Surinamers may be hospitable, but they are annoyed if visitors violate unwritten rules of etiquette. In daily life the following rules apply:

Dress code: lightweight and casual, but elegant. In the city ‘cover up’, even when you go shopping. For business appointments dress conservatively. Men should wear lightweight trousers, leather shoes and a shirt and tie. Short-sleeved buttoned shirts, that are neatly pressed, are generally accepted. Keep swimwear for the pools; do not walk around in bathing suits in the hotel lobbies.

At home Surinamers wear informal ‘house-clothes’ and slippers. In the interior and relaxing resorts, informal vacation wear is always the right choice. When you visit people at their homes, take off your shoes and leave them outside on the porch.

Be discrete. Questions about private life can easily be interpreted as nosiness and will make people shut up. They will tell what they wish to when they want to.

When you see an acquaintance dance intimately with a woman, who is not necessarily his wife, don’t bring it up. Sometimes, married men step out with a buitenvrouw (mistress) whom they introduce to others as ‘my cousin from the district.’

Decline from discussing politics, especially when it concerns the situation in Suriname.

You will soon realize that people arrive late for an appointment or don’t come at all. There are dozens of reasons for this, from the lack of taxis to complicated family situations, or the unexpected arrival of a friend. There are often no telephones in many areas, and they may not be able to notify you.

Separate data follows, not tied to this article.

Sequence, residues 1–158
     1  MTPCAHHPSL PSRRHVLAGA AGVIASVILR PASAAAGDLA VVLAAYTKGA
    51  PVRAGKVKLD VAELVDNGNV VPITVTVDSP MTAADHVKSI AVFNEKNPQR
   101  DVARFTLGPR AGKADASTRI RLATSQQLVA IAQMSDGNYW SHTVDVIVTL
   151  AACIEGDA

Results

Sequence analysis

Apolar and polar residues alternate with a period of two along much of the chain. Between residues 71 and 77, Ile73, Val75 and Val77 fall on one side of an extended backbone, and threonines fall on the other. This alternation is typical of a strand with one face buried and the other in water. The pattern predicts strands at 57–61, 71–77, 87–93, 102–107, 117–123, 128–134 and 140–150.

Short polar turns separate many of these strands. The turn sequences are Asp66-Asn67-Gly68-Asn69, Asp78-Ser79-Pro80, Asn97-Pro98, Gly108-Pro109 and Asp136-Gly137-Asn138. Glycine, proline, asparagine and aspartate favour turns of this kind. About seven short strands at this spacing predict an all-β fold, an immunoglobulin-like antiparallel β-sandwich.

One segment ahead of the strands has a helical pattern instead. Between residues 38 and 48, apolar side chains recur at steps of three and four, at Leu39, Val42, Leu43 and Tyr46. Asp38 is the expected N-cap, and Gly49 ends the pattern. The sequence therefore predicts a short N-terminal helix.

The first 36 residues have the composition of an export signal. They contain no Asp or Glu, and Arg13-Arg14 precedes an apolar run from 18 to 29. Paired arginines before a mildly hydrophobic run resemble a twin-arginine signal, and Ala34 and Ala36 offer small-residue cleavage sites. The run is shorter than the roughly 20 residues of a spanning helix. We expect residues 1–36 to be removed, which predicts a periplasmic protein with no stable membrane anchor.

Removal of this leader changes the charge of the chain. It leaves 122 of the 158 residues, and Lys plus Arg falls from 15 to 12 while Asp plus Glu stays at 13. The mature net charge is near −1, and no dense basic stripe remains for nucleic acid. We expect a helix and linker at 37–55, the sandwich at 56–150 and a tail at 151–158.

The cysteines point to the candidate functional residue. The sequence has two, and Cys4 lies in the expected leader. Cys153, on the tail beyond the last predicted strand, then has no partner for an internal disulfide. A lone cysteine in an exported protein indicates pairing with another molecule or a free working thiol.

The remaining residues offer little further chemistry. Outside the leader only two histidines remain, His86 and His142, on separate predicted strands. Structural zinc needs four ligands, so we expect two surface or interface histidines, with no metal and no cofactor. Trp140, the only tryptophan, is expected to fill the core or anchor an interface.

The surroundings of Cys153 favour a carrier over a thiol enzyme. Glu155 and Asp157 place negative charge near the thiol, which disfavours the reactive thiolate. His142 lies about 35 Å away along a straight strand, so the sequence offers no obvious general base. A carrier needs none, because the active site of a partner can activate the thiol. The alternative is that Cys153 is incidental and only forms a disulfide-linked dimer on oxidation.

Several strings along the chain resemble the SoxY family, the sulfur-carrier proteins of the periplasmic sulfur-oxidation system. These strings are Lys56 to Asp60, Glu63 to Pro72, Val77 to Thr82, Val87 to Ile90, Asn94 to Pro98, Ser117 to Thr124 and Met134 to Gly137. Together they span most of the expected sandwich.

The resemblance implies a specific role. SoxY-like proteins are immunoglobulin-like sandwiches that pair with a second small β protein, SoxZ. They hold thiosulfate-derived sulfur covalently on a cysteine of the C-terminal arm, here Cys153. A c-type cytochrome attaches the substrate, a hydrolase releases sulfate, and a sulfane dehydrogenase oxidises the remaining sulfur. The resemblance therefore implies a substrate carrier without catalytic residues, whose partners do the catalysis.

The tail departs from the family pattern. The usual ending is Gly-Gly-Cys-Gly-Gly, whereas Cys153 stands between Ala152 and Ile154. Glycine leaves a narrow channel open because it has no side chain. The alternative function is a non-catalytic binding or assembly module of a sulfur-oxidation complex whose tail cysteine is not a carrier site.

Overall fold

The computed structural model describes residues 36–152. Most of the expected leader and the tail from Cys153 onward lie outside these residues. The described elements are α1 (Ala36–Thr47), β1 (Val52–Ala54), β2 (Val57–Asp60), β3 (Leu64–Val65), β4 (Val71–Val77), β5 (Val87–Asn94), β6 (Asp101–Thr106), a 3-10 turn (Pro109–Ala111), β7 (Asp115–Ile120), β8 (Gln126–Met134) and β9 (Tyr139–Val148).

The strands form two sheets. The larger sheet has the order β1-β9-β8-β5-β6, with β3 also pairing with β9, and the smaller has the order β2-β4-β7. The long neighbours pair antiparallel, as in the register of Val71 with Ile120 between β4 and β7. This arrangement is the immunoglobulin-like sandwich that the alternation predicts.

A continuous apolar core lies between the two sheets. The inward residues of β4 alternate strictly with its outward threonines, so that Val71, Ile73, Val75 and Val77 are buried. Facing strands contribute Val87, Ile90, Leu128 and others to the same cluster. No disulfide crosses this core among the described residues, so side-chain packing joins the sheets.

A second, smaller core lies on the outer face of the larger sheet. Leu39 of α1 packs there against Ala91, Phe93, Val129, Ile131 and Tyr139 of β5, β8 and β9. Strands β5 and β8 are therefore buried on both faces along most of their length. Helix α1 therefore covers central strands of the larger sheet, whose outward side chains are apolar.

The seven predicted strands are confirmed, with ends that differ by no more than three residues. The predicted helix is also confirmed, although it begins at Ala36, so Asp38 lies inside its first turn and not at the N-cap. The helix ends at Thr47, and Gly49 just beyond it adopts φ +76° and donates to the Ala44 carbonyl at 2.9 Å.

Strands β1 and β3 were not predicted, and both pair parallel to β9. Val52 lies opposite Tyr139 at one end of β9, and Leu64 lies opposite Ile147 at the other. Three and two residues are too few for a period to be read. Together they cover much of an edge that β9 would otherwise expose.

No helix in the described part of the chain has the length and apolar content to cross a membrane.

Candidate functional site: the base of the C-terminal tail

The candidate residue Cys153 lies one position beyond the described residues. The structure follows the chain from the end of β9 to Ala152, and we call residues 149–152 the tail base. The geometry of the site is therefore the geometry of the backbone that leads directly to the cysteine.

In the business world a firm appointment is an obligation.

Intimate behavior in public makes others feel uncomfortable (although at dance parties there’s a lot of that going on). You do your romancing at home - out of the public eye. However, when greeting good friends you do exchange a hug (brasa) or kisses.

Open expressions of homosexuality are taboo, especially for men. There is a small gay community in Paramaribo, which occasionally has scheduled parties and meetings. There is less reaction about gay women. Matis, intimate female friends, are an old and accepted practice among the Afro-Surinamers.

 

For more info:

The Guide
to Suriname